state of the art — isn’t

I’d never paid attention to certain version numbers, and release dates, of certain applications. And, frankly, always assumed that things were up to date.

Apparently, that assumption was likely mistaken.

$ bash --version
GNU bash, version 3.2.57(1)-release (x86_64-apple-darwin18)
Copyright (C) 2007 Free Software Foundation, Inc.


The copyright on that specific version on the state of the art macos — all Macs — was 2007. TWELVE years ago.

What version is currently available? Unsure, but I’m going to bet that it’s most certainly not v3.2.57(2).

Ah, yes… it’s slightly newer:

Isn’t quite as state of the art having GPL-software that’s static. Yeah, I know, it makes things more stable. I get it. But there will be some newer capabilities, improvements, bug patching and so forth that will be revealed with the continuing march of progress.

Now… what are the risks to doing the upgrade?

[Edit: Well, I’m certainly not the first to see this and I only started pondering it when I wanted to make kubectl auto-complete available directly. Probably a good idea to upgrade.]

Still Funny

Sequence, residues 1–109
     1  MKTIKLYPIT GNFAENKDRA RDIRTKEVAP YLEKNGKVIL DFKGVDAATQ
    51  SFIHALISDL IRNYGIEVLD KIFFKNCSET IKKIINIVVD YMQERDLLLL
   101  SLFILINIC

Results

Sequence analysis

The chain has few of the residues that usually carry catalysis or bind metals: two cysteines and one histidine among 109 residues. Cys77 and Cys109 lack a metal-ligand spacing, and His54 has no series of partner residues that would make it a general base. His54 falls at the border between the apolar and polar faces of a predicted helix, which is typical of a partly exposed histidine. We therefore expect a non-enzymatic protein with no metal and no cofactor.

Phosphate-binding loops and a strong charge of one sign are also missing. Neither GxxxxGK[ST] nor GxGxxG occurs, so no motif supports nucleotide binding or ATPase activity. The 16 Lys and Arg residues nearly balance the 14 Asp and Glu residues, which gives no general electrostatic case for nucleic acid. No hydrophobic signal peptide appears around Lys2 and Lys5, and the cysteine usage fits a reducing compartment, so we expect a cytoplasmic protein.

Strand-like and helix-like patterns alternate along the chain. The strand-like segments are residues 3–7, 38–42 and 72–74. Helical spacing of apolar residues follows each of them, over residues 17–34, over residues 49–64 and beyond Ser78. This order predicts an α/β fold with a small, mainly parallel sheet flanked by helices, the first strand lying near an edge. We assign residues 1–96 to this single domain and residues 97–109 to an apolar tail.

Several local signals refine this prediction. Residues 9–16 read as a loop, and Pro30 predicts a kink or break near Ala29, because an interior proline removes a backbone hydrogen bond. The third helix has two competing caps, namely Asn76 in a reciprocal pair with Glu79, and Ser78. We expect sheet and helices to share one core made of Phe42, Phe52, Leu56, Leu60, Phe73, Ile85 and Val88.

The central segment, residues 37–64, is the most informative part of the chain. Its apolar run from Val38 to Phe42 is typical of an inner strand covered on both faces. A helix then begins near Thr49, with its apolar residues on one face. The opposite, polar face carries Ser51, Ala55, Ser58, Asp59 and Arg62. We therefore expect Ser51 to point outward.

We’re using Hubot for very limited automation and integration with our messaging apps. We’ve renamed it from “hubot” to “alfred”.

To make a request, you simply begin with “alfred …” Like, for example, you need it to build a cluster, the instruction might be alfred build <region> <name> Of course, the ‘region’ and ‘name’ are variables that you’ll define when running it. You could even just do alfred help to get a complete list of every defined process that it’s capable of. Really simplistic, honestly.

But the confusion that arises just from the bot’s name is amusing. People mistakenly (accidentally on purpose?) type things like:

  • albert build us-west-2 devcluster
  • alvin build eu-west-1 mycluster
  • althea help
  • alexa do the build

Heh… remember that SNL skit from a couple of years ago? Same thing, really: